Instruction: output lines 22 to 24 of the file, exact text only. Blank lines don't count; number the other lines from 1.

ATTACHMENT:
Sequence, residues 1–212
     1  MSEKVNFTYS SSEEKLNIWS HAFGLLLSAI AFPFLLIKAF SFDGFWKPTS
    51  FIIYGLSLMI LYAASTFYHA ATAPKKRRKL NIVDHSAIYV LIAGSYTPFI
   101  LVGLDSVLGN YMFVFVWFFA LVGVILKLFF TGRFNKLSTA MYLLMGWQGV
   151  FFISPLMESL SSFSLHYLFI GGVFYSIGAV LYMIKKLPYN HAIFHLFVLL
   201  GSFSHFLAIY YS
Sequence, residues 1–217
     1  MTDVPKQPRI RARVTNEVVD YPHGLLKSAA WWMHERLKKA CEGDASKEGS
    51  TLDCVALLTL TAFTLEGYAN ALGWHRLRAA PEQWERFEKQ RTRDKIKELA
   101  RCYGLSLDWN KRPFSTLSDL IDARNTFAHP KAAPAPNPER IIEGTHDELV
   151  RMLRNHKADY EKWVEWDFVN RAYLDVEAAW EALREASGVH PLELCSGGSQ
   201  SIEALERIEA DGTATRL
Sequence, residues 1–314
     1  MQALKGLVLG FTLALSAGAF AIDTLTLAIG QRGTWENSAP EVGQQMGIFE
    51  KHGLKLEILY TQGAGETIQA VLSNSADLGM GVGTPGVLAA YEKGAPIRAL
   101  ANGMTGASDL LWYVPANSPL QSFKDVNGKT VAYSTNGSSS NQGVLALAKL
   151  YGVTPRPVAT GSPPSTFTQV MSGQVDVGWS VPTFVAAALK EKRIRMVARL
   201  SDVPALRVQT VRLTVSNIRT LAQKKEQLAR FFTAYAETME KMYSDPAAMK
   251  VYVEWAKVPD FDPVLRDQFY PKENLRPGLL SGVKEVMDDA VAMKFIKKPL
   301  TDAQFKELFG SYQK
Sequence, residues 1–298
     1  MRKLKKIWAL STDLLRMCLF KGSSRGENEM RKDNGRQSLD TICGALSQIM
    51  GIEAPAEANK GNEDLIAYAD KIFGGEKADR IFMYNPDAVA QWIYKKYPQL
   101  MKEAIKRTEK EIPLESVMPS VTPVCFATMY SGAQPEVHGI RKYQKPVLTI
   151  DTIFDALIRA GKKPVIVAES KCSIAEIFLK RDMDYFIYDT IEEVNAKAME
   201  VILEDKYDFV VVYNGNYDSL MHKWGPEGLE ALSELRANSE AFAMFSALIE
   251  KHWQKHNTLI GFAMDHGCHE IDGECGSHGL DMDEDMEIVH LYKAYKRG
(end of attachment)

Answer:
     1  MRKLKKIWAL STDLLRMCLF KGSSRGENEM RKDNGRQSLD TICGALSQIM
    51  GIEAPAEANK GNEDLIAYAD KIFGGEKADR IFMYNPDAVA QWIYKKYPQL
   101  MKEAIKRTEK EIPLESVMPS VTPVCFATMY SGAQPEVHGI RKYQKPVLTI